Library Juice Academy

Online Professional Development for Librarians

Humanities Librarianship in a Digital Age

Instructor: John Russell

Dates: Not currently scheduled

Credits: 1.5 CEUs

Price: $175

Digital humanities has become more commonplace for humanities librarians, but librarians tend to think of it as a special form of librarianship that is somewhat distinct from humanities librarianship generally. What if we thought of digital humanities librarianship as humanities librarianship in a digital age? How might this change our thinking about both digital humanities and the humanities in libraries? This course aims to explore librarian practices - especially collection development and instruction - in the context of the digital humanities. We will not engage with digital humanities tools or methods (and this course will assume that participants are already familiar with them), but will consider how these tools and methods effect humanities services in libraries. Participants should have a background in humanities librarianship and knowledge of digital humanities practices. This course also serves as a follow-up to "Introduction to Digital Humanities for Librarians."

Objectives:

  • Articulate an understanding of how digital humanities may change the practice of humanities librarianship.
  • Define digital humanities instructional plans in terms of the ACRL Framework for Information Literacy.
  • Rethink collection development to facilitate digital scholarship needs.

Schedule:

  • Week 1: Digital humanities librarianship today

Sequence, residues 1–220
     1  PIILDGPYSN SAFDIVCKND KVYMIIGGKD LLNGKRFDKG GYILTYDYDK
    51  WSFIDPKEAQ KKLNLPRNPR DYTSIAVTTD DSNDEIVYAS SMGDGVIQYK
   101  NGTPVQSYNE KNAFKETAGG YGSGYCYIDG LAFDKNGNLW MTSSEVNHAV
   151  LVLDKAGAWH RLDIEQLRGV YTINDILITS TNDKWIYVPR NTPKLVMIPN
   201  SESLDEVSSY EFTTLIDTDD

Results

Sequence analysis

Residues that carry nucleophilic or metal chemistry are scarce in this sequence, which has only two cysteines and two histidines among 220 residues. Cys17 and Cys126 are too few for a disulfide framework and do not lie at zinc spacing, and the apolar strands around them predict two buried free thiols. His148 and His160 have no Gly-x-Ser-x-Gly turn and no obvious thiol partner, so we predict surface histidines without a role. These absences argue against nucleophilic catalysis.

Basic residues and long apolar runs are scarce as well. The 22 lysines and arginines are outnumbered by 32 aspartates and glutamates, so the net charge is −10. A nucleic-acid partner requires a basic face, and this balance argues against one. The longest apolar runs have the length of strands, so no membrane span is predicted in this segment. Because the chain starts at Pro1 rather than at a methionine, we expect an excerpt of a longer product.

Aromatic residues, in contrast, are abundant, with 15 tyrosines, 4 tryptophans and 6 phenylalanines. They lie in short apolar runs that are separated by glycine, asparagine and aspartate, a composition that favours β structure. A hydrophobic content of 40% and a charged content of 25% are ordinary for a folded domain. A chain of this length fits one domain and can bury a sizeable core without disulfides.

• Week 2: Building generous humanities collections and services
  • Week 3: Digital humanities instruction
  • Week 4: Humanities librarianship in a digital age
John Russell

John Russell is the Associate Director of the Center for Humanities and Information at Pennsylvania State University. He has been actively involved in digital humanities projects, primarily related to text encoding, and has taught courses and workshops on digital humanities methods, including "Introduction to Digital Humanities for Librarians." Interview with John Russell

Course Structure

This is an online class that is taught asynchronously, meaning that participants do the work on their own time as their schedules allow. The class does not meet together at any particular times, although the instructor may set up optional sychronous chat sessions. Instruction includes readings and assignments in one-week segments. Class participation is in an online forum environment.

Payment Info

Please contact us to arrange a special session of this class for a group of seven or more, with a negotiable discount, or to be notified when it is next scheduled.